In 1792 James Boswell, on a trip to Cornwall, made the obligatory visit to St Michael’s Mount. He was less than impressed, complaining that ‘it is a disgusting nuisance to have a parcel of low, dirty people collected there’ (in the village at its foot), with ‘a vile smell of spoiled fish and garbage lying about it’. Most visitors however took a longer perspective, admiring the Mount from a distance. The low, dirty people have, one assumes, gone, as have the rotting fish, while the garbage is now plastic. Also gone are the religious and military roles that the Mount once had.
Known traditionally in Cornish as an carrek looz en cooz (the grey rock in the wood), its name refers back to the lost lands of Lyonesse, drowned by the sea. Other snippets add to the romantic connotations: some prophecies of Merlin were found on the Mount, clothes were left there for Isold, lover of Tristan, St Michael himself even made one of his three earthly appearances on this spot.
There had been some sort of church on the Mount before the Normans arrived and it had already been granted to the Abbey of its bigger mirror image, Mont St Michel in Normandy. The abbot of Mont St Michel set about building a new church on the Mount on the 1130s and staffed it with half a dozen or so Benedictine monks. By the later 1300s French priests had been replaced by English ones while the priory was seized in 1420 by the English Crown and dissolved as ‘alien’. It was then handed over to the Abbey of Syon in Middlesex. Throughout this period it had been a popular destination for pilgrims. The donations they brought with them, according to A.L.Rowse, left the Mount’s priory ‘very rich in vestments and plate’ when it was suppressed in the 1530s.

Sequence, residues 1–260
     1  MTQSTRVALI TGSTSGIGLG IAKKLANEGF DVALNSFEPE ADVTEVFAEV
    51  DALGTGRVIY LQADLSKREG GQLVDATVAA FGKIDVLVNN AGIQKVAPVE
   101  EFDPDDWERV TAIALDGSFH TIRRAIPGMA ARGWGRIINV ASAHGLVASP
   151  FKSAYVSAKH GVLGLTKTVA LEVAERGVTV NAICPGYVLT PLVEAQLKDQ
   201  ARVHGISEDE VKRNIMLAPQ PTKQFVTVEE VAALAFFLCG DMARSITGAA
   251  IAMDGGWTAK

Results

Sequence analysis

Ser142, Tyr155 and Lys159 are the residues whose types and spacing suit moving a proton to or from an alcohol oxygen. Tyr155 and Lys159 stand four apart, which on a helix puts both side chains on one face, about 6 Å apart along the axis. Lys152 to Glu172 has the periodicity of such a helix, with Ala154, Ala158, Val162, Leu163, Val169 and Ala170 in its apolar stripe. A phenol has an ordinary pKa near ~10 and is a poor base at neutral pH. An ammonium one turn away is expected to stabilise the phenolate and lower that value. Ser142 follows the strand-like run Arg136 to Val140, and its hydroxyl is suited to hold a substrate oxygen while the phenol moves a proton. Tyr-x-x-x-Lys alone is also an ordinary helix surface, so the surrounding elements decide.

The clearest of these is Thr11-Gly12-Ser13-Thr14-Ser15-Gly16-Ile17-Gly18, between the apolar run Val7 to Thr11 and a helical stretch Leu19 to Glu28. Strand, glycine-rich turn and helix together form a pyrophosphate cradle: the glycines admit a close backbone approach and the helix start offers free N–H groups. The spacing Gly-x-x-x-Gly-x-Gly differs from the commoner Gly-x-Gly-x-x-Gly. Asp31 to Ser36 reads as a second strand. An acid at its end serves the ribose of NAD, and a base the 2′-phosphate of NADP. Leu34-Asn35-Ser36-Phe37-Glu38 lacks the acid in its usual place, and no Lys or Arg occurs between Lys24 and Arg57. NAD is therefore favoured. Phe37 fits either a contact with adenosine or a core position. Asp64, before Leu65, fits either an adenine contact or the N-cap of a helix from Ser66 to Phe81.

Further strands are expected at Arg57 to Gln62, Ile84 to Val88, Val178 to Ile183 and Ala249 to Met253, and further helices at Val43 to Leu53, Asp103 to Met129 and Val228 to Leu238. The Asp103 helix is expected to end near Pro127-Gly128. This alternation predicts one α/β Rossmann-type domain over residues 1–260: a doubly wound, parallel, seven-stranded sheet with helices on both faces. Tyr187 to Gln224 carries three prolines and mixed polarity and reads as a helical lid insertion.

The Mount was also seen as strategically important. In the 12th century it was seized by a faction in a dispute within the English royal family and again in the 1470s when some Lancastrian rebels held it for a time. Later, in 1549, loyalist gentry took refuge for a time on the Mount during the prayer book rising. At the end of the civil wars of the 17th century, the Royalists on the Mount intended to join those at Pendennis, Falmouth, in making a final stand but they gave up after just a month.
After being owned by a French abbey, then an English one, then the Crown and the absentee Cecil family who were given it in the 1500s, the Mount was finally returned into Cornish hands. The Cecils sold it on to the Bassets of Tehidy, near Camborne. but the costs of repairing its decayed fortifications during the civil wars strained the finances of the Bassets so much they had to sell it in turn to the St Aubyn family in 1659. It was the St Aubyns who added to the Mount’s buildings in the later 19th century, creating what we see now. It is now once again in the hands of a non-Cornish institution, the National Trust.